2.5.6

Summary of Monitoring and Leak Detection Technology and Equipment

The following tables summarize the capabilities and uses of leak-detection technologies discussed above.

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TECHNICAL REPORT 44811520, REV.2 Table 2-2 summarizes the advantages and disadvantages for different types of leak detection methodologies. A number of factors affect the sensitivity of a leak detection system. Small leaks are typically the most difficult to detect and will typically require the longest time to set off an alarm or actuate some other system component, which would indicate a leak. Some small leaks may even fall below the threshold of leak detection systems, due to pipeline hydraulics, the accuracy of the detectors, and alarm thresholds. Volume or mass balance systems are typically employed to detect small leaks in pipelines transporting homogeneous fluids. However, there can be errors in the volume or mass balances if components of the gas drop below the dew point and condense. Hence, it is necessary to select the optimum leak detection systems, based on a review of the operations of each particular pipeline. Larger leaks are more easily detected, but must be detected quickly for safety and environmental considerations. Rate-of-change and computational pipeline monitoring are typically employed to detect these larger leaks.

Table 2-2 Comparison of Features for Leak Detection Monitoring Techniques
Technique Acoustic Sensors Gas sampling Feature Detects leaks based on acoustic emission Advantages
• • •

Disadvantages
• • • • • • • • • • • • • • • • • • • • •

Flame Ionization detector • used to detect natural gas • Detects tracer chemicals added to gas pipe line Monitor either pressure change or mass flow Monitored flow parameters modeled Absorption of a pulsed laser monitored in the infrared Absorption of diode lasers monitored
• • • • • • • • • • • • • • •

Soil monitoring

Flow monitoring Dynamic modeling Lidar absorption

Portable Location identified Continuous monitor No false alarms Very sensitive Portable Very sensitive No false alarms Portable Low cost Continuous monitor Well developed Portable Continuous monitoring Remote monitoring Sensitive Portable Remote monitoring Portable Long range Portable Remote monitoring Long range

High cost Prone to false alarms Not for small leaks Time consuming Expensive Labor intensive Need chemicals Expensive Time consuming Prone to false alarms Unable to pinpoint leaks Prone to false alarms Expensive Expensive sources Alignment difficult Short system life time Prone to false alarms Expensive sources Short system life time Prone to false alarms Short system life time

Diode laser absorption Broad band absorption

Absorption of broad band • lamps monitored •

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Evanescent sensing Millimeter wave radar systems Backscatter Imaging Thermal Imaging Multi-spectral imaging Monitors changes in buried optical fiber Radar signature obtained above pipe lines Natural gas illuminated with CO2 laser Passive monitoring of thermal gradients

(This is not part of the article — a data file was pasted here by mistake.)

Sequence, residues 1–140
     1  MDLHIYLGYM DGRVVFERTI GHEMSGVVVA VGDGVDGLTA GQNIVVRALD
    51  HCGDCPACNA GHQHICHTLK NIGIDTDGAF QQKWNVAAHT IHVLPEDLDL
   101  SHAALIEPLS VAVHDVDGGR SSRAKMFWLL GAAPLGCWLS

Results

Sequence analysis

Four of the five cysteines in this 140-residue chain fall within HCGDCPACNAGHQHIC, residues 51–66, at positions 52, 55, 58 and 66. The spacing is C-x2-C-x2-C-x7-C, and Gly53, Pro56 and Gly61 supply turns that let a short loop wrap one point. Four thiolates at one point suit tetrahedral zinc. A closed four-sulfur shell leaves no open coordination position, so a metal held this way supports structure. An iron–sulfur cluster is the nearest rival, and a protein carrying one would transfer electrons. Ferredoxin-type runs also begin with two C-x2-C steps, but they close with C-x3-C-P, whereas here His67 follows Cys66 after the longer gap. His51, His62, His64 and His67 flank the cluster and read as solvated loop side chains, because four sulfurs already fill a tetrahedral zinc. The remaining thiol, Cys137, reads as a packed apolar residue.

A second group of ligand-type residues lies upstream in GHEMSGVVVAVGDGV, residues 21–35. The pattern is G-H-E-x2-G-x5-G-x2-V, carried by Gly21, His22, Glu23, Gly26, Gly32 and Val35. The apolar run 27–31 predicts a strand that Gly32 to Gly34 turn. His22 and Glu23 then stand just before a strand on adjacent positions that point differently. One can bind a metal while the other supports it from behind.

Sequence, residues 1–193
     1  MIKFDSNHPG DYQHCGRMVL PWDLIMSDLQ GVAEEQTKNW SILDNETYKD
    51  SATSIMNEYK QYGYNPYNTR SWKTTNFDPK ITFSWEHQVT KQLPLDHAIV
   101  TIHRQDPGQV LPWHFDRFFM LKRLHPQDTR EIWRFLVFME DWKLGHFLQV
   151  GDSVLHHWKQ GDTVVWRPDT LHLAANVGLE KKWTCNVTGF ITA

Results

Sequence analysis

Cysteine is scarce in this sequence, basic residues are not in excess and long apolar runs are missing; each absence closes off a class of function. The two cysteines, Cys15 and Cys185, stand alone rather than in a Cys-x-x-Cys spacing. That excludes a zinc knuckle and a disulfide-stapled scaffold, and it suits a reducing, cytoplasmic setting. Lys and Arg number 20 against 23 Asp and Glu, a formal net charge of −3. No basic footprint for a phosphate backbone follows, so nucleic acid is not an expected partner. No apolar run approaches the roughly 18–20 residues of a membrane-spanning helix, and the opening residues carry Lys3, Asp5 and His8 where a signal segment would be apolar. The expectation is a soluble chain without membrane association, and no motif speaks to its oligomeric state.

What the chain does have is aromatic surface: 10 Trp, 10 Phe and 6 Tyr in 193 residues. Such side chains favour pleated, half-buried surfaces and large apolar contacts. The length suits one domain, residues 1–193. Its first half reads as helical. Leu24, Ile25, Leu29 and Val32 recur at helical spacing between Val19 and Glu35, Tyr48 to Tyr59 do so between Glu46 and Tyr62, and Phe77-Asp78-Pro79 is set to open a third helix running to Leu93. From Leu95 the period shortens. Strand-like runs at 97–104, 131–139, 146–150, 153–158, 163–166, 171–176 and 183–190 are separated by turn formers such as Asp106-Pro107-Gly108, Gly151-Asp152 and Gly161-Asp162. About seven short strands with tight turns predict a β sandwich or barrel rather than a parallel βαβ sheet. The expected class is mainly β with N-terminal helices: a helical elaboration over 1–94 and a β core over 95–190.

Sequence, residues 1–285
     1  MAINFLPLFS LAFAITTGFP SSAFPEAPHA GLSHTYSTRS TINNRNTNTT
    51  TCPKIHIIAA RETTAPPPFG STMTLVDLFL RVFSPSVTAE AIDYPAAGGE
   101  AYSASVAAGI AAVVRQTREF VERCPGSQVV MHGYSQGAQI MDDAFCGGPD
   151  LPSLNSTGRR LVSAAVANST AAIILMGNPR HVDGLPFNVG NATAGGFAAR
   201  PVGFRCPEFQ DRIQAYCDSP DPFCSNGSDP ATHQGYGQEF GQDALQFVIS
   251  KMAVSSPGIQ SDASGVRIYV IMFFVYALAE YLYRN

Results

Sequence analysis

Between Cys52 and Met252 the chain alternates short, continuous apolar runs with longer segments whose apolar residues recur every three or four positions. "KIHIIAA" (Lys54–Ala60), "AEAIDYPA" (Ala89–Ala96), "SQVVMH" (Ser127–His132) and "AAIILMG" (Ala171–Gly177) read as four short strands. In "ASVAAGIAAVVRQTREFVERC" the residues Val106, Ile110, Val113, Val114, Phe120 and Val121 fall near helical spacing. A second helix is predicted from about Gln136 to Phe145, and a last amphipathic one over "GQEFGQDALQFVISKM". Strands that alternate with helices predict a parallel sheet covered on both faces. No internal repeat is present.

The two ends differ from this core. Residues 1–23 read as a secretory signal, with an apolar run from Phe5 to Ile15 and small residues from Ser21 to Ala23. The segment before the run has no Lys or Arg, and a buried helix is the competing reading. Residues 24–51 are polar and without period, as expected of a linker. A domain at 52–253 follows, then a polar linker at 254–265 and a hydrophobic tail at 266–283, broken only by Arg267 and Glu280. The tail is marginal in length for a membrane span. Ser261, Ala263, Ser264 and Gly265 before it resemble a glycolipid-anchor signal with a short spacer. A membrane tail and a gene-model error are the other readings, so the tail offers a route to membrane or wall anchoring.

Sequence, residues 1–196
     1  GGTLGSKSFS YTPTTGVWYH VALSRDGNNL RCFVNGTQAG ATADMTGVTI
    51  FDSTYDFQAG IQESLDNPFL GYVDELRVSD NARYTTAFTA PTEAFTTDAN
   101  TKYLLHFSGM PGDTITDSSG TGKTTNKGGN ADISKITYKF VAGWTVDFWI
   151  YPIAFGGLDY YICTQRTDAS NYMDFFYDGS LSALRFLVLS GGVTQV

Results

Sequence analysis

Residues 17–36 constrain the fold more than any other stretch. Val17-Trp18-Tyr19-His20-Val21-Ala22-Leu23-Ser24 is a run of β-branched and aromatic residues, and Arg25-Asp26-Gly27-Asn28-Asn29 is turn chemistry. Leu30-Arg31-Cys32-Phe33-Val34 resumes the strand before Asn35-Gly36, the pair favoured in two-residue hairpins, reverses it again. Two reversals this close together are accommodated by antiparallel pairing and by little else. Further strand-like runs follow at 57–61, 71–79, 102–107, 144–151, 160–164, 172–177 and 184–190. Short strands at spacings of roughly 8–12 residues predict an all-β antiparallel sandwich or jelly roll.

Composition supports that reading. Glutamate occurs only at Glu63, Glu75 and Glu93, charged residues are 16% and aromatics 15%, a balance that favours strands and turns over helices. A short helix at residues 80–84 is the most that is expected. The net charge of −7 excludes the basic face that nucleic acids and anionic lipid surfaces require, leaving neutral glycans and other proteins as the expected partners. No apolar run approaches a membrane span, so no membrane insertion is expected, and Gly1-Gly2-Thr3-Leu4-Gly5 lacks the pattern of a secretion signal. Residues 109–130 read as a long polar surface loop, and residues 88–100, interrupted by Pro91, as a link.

• • • • • • • • •

Long lengths can be monitored easily Remote monitoring Portable Remote monitoring Portable No sources needed Portable Remote monitoring

• • • • • • • • • •

Prone to false alarms Expensive system Expensive Expensive Expensive detector Requires temperature difference Expensive detectors Difficult data interpretation

Passive monitoring, using • No sources need multi-wavelength infrared • Portable imaging • Remote monitoring • Multiple platforms

2.6

Other Monitoring Equipment and Technologies

There are numerous other technologies available to monitor offshore pipelines: Corrosion control system monitoring Monitoring probes Sampling Sonar and magnetic monitoring technologies Fiber optic sensing Current and vibration monitoring

2.6.1

Control System Monitoring for External and Internal Corrosion

As discussed earlier, offshore pipelines are typically protected from external corrosion by coatings and/or cathodic protection. Cathodic protection is typically done using sacrificial anodes, although impressed current systems are also used. Rectifier output from impressed current systems provides an indication of the extent of exposed metal and the current required to protect those areas. Increasing rectifier output can be a sign of active coating degradation. Spot monitoring of cathodic protection potentials are sometimes done where sacrificial anodes are used. Measurements are made near anodes or anode beds by divers or remotely operated vehicles (ROVs). Regular potential surveys are sometimes used to assess the external corrosion protection provided by a cathodic protection system. Close-interval surveys provide a nearly continuous plot of the